The Clinical Picture

Respiratory artifact: A second vital sign on the electrocardiogram

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A 57-year-old man hospitalized for treatment of multilobar pneumonia was noted to have a rapid, irregular heart rate on telemetry. He was hypoxemic and appeared to be in respiratory distress. A 12-lead electrocardiogram (ECG) demonstrated atrial fibrillation with rapid ventricular response, as well as what looked like distinct and regular P waves dissociated from the QRS complexes at a rate of about 44/min (Figure 1). What is the explanation and clinical significance of this curious finding?

Figure 1. The patient’s electrocardiogram demonstrates atrial fibrillation with rapid ventricular response. In addition, there are regularly spaced, distinct, sharp deflections suggestive of P waves, best seen in the inferior leads (arrows). Broken arrows indicate apparent P waves superimposed on QRS complexes.

What appear to be dissociated P waves actually represent respiratory artifact.1–3 The sharp deflections mimicking P waves signify the tonic initiation of inspiratory effort; the subsequent brief periods of low-amplitude, high-frequency micro-oscillations represent surface electrical activity associated with the increased force of the accessory muscles of respiration.1–3

Surface electromyography noninvasively measures muscle activity using electrodes placed on the skin overlying the muscle.4 Using simultaneously recorded mechanical respiratory waveform tracings, we have previously demonstrated that the repetitive pseudo-P waves followed by micro-oscillations have a close temporal relationship with the inspiratory phase of respiration.3 The presence of respiratory artifact indicates a high-risk state frequently necessitating ventilation support.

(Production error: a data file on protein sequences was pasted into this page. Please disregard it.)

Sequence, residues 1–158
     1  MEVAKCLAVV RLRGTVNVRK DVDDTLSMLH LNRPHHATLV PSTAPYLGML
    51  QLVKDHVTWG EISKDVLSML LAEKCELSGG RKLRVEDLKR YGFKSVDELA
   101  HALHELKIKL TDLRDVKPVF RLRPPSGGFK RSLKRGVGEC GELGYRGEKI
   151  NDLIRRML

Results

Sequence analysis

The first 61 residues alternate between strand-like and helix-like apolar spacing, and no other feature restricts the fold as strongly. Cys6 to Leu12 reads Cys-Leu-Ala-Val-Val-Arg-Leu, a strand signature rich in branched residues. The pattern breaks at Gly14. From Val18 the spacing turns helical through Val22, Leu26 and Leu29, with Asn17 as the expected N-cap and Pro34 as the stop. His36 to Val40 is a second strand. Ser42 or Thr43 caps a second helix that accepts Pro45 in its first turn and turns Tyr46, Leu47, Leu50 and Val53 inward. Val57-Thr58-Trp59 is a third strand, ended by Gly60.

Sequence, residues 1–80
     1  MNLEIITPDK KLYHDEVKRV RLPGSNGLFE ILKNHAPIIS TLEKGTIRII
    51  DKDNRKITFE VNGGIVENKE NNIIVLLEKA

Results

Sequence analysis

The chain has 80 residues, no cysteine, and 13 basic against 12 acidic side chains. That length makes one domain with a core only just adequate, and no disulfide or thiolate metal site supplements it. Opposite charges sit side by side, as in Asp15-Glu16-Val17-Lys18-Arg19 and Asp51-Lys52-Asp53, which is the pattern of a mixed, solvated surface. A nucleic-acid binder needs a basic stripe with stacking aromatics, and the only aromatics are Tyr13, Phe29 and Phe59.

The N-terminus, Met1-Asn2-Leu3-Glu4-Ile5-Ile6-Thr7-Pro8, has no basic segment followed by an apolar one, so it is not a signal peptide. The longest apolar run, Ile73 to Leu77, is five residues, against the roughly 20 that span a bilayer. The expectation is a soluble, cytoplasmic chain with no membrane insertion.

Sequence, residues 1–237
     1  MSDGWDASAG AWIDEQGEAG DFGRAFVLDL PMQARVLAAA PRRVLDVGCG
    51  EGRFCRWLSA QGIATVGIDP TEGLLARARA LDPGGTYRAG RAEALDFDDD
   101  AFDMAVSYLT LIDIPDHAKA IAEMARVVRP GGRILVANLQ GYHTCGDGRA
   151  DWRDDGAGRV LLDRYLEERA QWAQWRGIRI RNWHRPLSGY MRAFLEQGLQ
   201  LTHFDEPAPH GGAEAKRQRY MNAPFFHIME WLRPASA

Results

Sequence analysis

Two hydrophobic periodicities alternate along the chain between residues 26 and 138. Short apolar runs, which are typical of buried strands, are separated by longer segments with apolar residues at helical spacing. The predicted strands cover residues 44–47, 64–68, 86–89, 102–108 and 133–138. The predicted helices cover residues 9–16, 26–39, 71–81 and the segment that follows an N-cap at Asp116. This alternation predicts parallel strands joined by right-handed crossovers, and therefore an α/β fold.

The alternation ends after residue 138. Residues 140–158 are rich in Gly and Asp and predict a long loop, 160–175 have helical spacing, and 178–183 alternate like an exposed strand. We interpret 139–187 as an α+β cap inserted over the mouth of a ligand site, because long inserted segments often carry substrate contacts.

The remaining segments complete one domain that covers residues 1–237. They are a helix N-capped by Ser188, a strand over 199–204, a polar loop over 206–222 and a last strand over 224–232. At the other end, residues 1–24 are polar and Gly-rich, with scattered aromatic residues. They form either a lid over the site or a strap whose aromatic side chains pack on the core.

In addition, when present, respiratory artifact can be viewed as the “second vital sign” on the ECG, the first vital sign being the heart rate. The respiratory rate can be approximated by counting the number of respiratory artifacts in a 10-second recording and multiplying it by 6. A more accurate rate assessment is achieved by measuring 1 or more respiratory artifact cycles in millimeters and then dividing that number into 1,500 or its multiples.3 Based on these calculations, the respiratory rate in this patient was 44/min.

Figure 2. An electrocardiogram from a different patient shows sinus rhythm with apparent atrial dissociation (arrows). The heart rate (HR) is 98/min. The respiratory rate (RR) as calculated from spacing of respiratory artifact is very high at 62/min. This was confirmed by a simultaneously recorded respirogram.

The presence of two atrial rhythms on the same ECG, one not disturbing the other, is consistent with the diagnosis of atrial dissociation.5 Atrial dissociation is a common finding in cardiac transplant recipients in whom the transplantation was performed using atrio-atrial anastomosis.6 Most other cases of apparent atrial dissociation described in the old cardiology and critical care literature probably represented unrecognized respiratory artifact.7,8

An ECG from a different patient (Figure 2) demonstrates rapid respiratory artifact that raised awareness of severe respiratory failure. The respiratory rate calculated from spacing of the pseudo-P waves is 62/min, confirmed by simultaneous respirography.


Respiratory artifact is a frequent finding in sick hospitalized patients.3 Most commonly, it manifests as repetitive micro-oscillations.3 Pseudo-P waves, as in this 57-year-old patient, are less often observed; but if their origin is not recognized, the interpretation of the ECG can become puzzling.1–3,7,8

Respiratory artifact is a marker of increased work of breathing and a strong indicator of significant cardiopulmonary compromise. Improvement in the patient’s cardiac or respiratory condition is typically associated with a decrease in the rate or complete elimination of respiratory artifact.3

Recognition of rapid respiratory artifact is less important in critical care units, where patients’ vital signs and cardiorespiratory status are carefully observed. However, in hospital settings where respiratory rate and oxygen saturation are not continuously monitored, recognizing rapid respiratory artifact can help raise awareness of the possibility of severe respiratory distress.

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